So the Episcopal Diocese of Pittsburgh is voting on Saturday about whether to secede from the Episcopal Church. Ann Rodgers, the ace religion reporter at the Pittsburgh Post-Gazette, has been all over this story for years. Whether she’s covering Episcopal or Presbyterian battles, she writes interesting stories that are chock full of context and give plenty of room for all sides to weigh in.
In anticipation of the vote on Saturday, Rodgers had readers visit another diocese that went through a secession vote. Last year, most of the Episcopal Diocese of San Joaquin voted to leave the Episcopal Church and went into an Anglican province in South America. The Episcopal Church placed a new Bishop in the area to serve the area’s remaining Episcopalians:
Each says it’s the only true Diocese of San Joaquin.
As in a bitter divorce, each claims to be noble but wronged. One has the house, the other, at least for now, rents an apartment with help from Mom. Though children struggle with loss, each spouse is glad to be free.
“We have that kind of fervor that you would have found in the early church,” said Nancy Key, spokesman for the reorganized Episcopal diocese
The other side is no less exuberant.
“We’ve been able to get about the gospel and doing our work as a church without being distracted by the kinds of arguments that folks seem to want to get into in the Episcopal Church. We’re not about trying to change the church. We are trying to be the church as best we can and as imperfect as it is,” said Rev. Carlos Raines, who has remained rector of St. James Cathedral.
Digging into the San Joaquin diocese case, Rodgers tells an instructive story about the problems and opportunities that lie ahead for both sides in the Pittsburgh dispute. Among many nice things about Rodgers’ story is how she mentions gay issues up front but she puts them in context of the larger dispute:
The breaks follow years of theological disputes within the 2.3 million-member U.S. church that reached a crisis with the 2003 consecration in New Hampshire of Bishop V. Gene Robinson, a partnered gay man.
Conservatives say their underlying concern was that some bishops no longer upheld biblical authority or core doctrines such as the divinity of Jesus. Church advocates say it has always welcomed diversity.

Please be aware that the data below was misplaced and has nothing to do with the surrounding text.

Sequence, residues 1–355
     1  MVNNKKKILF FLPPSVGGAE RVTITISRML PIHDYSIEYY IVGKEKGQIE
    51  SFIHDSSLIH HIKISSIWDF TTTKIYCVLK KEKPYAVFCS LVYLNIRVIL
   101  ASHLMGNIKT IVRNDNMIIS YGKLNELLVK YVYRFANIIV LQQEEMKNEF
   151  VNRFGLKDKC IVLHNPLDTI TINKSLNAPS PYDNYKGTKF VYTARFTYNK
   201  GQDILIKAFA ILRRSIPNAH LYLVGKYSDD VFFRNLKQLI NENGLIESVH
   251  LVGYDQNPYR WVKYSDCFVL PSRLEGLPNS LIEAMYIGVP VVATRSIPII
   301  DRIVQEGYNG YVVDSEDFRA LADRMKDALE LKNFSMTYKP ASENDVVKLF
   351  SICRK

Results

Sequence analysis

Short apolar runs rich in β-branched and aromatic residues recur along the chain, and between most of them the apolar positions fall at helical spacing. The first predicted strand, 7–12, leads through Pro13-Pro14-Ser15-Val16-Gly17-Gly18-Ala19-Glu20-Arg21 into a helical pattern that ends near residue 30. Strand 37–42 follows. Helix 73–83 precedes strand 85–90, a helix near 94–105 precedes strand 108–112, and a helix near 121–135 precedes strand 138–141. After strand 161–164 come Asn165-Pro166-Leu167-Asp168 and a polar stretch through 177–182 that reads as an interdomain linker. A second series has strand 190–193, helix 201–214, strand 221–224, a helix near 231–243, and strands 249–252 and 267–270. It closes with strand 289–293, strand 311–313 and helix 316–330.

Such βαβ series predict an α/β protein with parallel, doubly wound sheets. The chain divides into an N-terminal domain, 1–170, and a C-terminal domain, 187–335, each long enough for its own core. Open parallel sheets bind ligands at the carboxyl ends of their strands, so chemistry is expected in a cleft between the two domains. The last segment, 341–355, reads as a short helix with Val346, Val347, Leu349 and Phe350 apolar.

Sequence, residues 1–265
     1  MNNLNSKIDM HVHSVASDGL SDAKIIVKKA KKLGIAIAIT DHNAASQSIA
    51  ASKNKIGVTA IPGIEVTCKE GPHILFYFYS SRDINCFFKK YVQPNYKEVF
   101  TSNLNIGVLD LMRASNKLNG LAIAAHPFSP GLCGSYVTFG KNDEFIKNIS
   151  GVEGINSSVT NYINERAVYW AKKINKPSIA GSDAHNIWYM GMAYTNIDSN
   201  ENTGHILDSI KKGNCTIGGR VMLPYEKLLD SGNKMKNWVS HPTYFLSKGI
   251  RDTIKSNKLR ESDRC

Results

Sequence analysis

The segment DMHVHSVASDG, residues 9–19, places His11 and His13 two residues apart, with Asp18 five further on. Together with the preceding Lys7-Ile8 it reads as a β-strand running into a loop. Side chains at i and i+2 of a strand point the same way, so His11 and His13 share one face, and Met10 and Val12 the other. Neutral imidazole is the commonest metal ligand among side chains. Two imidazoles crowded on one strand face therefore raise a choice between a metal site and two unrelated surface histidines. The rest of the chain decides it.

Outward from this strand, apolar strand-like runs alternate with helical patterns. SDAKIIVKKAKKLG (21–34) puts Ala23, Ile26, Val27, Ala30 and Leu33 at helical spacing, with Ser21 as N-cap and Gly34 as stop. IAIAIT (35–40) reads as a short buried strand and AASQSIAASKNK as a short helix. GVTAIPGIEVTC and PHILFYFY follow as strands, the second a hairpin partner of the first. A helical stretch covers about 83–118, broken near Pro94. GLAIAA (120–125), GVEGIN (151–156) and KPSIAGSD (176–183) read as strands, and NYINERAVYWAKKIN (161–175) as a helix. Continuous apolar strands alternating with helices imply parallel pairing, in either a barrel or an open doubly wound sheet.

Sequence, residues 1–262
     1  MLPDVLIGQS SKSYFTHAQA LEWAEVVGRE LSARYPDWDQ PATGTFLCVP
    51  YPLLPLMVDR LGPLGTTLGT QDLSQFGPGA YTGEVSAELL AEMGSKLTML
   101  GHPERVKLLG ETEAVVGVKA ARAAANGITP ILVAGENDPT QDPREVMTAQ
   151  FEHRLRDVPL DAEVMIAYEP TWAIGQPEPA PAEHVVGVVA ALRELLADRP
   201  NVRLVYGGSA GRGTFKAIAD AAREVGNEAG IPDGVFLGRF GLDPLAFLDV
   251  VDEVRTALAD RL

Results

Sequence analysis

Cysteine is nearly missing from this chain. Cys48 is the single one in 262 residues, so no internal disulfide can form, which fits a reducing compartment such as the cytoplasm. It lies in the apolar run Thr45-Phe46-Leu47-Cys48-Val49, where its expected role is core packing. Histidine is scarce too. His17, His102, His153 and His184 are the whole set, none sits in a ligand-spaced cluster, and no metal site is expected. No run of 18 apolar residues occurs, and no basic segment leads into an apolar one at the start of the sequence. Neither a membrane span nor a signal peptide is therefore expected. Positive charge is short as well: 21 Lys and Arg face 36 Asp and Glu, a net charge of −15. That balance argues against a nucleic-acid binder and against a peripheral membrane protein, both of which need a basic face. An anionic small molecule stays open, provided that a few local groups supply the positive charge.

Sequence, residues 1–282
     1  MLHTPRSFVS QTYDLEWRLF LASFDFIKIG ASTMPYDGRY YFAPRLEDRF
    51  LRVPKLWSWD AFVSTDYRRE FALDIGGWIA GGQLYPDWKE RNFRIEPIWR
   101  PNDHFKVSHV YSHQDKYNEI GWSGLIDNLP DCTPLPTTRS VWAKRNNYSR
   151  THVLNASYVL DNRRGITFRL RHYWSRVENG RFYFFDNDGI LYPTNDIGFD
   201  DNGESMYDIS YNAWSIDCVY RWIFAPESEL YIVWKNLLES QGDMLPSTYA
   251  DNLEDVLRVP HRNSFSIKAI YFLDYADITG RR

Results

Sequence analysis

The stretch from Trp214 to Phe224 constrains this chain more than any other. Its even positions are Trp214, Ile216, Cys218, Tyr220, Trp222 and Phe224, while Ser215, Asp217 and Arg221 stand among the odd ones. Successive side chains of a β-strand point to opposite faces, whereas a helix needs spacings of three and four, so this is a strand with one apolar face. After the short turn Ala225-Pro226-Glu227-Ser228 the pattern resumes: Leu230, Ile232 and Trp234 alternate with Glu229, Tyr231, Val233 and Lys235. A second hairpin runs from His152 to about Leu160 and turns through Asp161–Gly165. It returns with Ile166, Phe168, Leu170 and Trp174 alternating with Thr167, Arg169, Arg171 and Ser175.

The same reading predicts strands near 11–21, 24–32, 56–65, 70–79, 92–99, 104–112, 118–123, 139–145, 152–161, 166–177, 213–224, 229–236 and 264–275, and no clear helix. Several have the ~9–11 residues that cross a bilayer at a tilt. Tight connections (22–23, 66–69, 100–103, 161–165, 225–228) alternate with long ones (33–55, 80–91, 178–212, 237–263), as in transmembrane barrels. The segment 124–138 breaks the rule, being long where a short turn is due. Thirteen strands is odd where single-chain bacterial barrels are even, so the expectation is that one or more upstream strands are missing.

I realize there are space constraints but is orthodoxy vs. diversity the best way to characterize the dispute? Hold that thought for just a bit.
She includes local, regional, national and global angles as she discusses the property disputes embroiling San Joaquin. There’s a lot of juiciness in the story, which is somewhat lengthy. Here, for instance:
There is little love lost between bishops. Bishop Lamb refers to “Mr. Schofield.” The Rev. Bill Gandenberger, canon to the ordinary for Bishop Schofield, says, “The Episcopal Church has, without any authority, entered our diocese.”
Much of the story is devoted to the people who did not leave. There’s an interesting diversity in that group. San Joaquin was one of three Episcopal parishes that retained a male clergy. Now they have female priests. But that’s not all:
The diocese has not taken a full swing to the left. Bishop Lamb supports civil marriage for gays, but has told his clergy not to conduct gay weddings. That’s crucial for St. John’s in Tulare, a conservative parish that remained Episcopal.
After months of discussion, two-thirds of the church’s 170 members voted to stay and nearly 40 people left for the Southern Cone. But Bishop Schofield did not try to take their building, and they are working to rebuild the church community.
“We are almost starting from scratch as a congregation,” said the Rev. Rob Eaton. “We can’t do business as usual. We have to reconsider who we are and how we go about telling people in the community who we are and being clear to the rest of the Diocese of San Joaquin about who we are. We see ourselves not only as a mission to the world, but even to the Episcopal Church.”
Once in the inner circle of the diocese, he is now on the margins. He has told Bishop Lamb that he does not recognize him as his bishop and is fighting over access to parish funds.
So which side of the orthodoxy/diversity divide does this group fall on?
The piece ends with some words of advice from those who did depart. One of the priests who left says the most important thing is to treat each other with love and respect throughout the process. Clearly a story about a bitter breakup could have been all drama without much helpful information. This story was dramatic but also informative and civil.